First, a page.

Since I often find myself being asked which word processing software I use, let’s talk about writing and word processing programs. One would think that all word processing programs are created equal. That Open Office and Word Perfect are just as good as MS Word, or that your OS’s included text editor is just as good as Scrivener – and if you’re a hobby writer (i.e. you make no income from your writing whatsoever), this is probably true.
In the professional writing world though – there are Scrivener users and there are MS Word users and arguments on writing forums regarding which is better can become as volatile as Apple vs. Microsoft vs. Linux. I actually understand both sides of this word processing debate because, as a professional writer, I use both programs for different reasons. I’ll explain why in a few.
Some writers are partial to Word while others are partial to Scrivener and there’s a reason why. That reason often equates to how a writer writes. I say often because you will, on occasion, get people who use certain software based on brand worship, which is another blog topic for another time.
Some writers are very linear in how they think. These folks write a manuscript from beginning to end and that’s that. They prefer Word for the fact that it’s simple, versatile, you can format it quickly, and MOST publishers want files in MS Word because when it comes to submissions, MS Word is often the standard. (Please note I’m not saying publishers use Word when it comes to formatting and publishing (though some do). In publishing, they’re often importing Word files to InDesign or another program to output print ready and eBook ready interior files.) Then, of course, there are some writers who have been using Word forever, love it, and see no reason to change. Or there are some writers who use Word just because it came free with their computer.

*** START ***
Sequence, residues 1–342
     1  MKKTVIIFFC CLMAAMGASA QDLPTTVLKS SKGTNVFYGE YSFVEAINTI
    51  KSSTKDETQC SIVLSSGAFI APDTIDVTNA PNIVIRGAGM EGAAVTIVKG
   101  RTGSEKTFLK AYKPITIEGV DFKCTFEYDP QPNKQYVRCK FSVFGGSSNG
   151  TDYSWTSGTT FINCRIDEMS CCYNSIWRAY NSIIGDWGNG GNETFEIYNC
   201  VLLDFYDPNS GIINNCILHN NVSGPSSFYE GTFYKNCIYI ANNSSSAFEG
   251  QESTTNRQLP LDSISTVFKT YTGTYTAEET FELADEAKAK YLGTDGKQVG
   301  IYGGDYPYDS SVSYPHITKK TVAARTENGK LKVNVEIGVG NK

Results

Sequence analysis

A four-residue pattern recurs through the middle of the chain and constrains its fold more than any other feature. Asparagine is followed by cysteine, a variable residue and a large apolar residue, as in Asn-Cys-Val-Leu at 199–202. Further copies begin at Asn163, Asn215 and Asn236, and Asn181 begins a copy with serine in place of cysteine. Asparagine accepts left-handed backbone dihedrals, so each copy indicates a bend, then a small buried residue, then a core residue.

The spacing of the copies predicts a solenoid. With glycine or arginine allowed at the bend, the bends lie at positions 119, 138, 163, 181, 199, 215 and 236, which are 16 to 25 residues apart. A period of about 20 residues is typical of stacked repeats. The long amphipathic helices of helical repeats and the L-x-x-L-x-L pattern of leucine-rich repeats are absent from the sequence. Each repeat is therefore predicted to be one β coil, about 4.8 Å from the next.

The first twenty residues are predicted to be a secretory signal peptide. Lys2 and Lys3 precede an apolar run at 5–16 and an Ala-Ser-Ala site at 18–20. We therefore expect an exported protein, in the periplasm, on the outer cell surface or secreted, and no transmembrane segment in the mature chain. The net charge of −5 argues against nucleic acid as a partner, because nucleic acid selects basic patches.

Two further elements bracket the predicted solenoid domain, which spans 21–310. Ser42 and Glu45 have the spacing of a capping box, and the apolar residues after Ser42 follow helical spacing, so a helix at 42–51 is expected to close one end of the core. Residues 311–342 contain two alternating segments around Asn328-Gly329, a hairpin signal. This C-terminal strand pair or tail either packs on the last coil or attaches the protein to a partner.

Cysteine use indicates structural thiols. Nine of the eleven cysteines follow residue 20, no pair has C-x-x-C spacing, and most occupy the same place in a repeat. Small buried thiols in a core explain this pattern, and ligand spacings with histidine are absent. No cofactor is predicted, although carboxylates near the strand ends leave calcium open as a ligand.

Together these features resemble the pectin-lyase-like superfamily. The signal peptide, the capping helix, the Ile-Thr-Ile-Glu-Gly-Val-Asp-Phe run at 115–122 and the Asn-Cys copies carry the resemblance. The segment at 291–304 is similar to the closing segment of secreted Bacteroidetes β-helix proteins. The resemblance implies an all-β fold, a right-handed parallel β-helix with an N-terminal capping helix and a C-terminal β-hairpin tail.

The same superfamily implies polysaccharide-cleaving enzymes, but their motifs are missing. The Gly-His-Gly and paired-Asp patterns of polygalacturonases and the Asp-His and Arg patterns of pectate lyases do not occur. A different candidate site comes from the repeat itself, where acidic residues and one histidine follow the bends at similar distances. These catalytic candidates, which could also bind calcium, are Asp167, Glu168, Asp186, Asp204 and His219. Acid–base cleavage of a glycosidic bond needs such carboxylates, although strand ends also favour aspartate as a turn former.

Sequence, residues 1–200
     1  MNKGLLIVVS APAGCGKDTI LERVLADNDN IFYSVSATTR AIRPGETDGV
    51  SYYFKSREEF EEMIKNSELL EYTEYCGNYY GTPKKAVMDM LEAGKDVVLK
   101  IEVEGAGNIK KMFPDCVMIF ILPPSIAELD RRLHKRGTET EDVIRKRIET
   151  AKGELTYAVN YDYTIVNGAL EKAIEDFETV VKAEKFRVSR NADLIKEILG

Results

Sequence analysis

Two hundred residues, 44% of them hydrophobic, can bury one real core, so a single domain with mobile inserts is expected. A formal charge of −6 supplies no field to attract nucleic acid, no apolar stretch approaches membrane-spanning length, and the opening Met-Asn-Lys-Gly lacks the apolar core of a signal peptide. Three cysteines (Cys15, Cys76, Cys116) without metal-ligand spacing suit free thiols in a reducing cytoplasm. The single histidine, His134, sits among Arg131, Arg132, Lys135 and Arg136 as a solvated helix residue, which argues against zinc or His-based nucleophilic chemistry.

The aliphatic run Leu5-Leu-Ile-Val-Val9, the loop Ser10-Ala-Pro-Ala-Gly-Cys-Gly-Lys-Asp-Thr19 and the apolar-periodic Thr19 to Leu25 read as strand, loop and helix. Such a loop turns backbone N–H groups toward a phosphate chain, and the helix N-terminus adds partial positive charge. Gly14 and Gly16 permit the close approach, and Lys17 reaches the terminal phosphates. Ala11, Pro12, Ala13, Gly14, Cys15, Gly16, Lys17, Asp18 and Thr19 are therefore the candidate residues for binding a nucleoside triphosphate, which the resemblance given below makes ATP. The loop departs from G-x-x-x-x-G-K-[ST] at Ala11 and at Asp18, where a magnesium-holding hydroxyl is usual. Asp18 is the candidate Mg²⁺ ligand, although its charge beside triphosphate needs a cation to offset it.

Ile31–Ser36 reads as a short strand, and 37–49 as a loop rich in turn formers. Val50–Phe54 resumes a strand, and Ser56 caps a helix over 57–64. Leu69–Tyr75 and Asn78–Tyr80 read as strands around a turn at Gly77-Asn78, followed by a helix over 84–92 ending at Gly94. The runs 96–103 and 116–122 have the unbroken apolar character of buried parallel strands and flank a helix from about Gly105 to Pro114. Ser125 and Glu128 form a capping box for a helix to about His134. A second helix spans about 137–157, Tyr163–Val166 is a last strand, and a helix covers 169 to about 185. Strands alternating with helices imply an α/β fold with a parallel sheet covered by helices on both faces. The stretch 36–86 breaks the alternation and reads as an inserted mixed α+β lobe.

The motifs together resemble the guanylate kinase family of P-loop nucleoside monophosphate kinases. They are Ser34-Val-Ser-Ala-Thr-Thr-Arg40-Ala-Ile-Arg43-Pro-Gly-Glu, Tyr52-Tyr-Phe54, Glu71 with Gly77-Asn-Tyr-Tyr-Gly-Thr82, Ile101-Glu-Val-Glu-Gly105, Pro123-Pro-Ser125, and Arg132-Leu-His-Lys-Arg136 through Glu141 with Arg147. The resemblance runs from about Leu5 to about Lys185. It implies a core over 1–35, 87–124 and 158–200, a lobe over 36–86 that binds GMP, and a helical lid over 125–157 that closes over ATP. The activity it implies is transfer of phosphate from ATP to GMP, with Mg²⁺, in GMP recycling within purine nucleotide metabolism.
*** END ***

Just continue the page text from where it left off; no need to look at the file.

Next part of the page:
Now it’s time for a little honesty. When I first heard about Scrivener I’d already decided to hate it. I was an MS Word user. The industry has always had a fondness for MS Word, I liked Word and I saw no reason to change – insisting that I’d be damned before EVER using Scrivener. Then, one day, I broke down and decided to try the free trial just to see what everyone was raving about — and I, like so many writers before me, fell in love and succumbed to the versatility of Scrivener after a mere two weeks.
Why? Because some writers (myself included) write in pieces or parts. We like scrivener because with Scrivener we can create each individual scene and then sew them together into the final product. Scrivener allows us to drag and drop scenes and move them around, too (instead of cut and paste). Or maybe we don’t even know where a scene goes when we write it, and we discover where it goes later. So those of us who have a more haphazard creative process tend to like Scrivener because it works with our process and keeps the chaos organized. Scrivener also makes it really easy to outline books/novels etc…, and find the section you’re looking for without having to endlessly scroll through large manuscripts. Plus, let’s face it, some people just hate Microsoft (because they’re “The Man” man!) and when it comes right down to it – Scrivener comes with a cheaper price tag. It was originally made for Mac, but they also have a fabulous PC version (which is the one I use).
Of course here’s the thing — many of us still have to export text from Scrivener into Word because the publishing standard is still MS Word.
I use BOTH programs. I use Word for articles, short fiction, chapbooks, and sometimes novellas. However – I use Scrivener for big projects like novels, NF books, and larger novellas, which I then convert to word documents for final editing and submission to publishers. I actually prefer Scrivener for composition just for ease of use and functionality (via my creative process), but I prefer Word for formatting.
Which one is right for you? I recommend you try both programs and see which one works best for you. You may find you love Scrivener, you may find you love Microsoft, or maybe you’ll find you need both.
So there you go – my thoughts on the great word-processor debate. What word processing program do you use?